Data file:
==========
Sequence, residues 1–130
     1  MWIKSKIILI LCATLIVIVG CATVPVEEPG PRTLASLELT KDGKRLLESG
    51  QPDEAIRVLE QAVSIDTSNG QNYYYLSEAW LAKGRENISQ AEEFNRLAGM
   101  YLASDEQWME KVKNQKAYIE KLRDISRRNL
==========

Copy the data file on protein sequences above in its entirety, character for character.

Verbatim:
Sequence, residues 1–130
     1  MWIKSKIILI LCATLIVIVG CATVPVEEPG PRTLASLELT KDGKRLLESG
    51  QPDEAIRVLE QAVSIDTSNG QNYYYLSEAW LAKGRENISQ AEEFNRLAGM
   101  YLASDEQWME KVKNQKAYIE KLRDISRRNL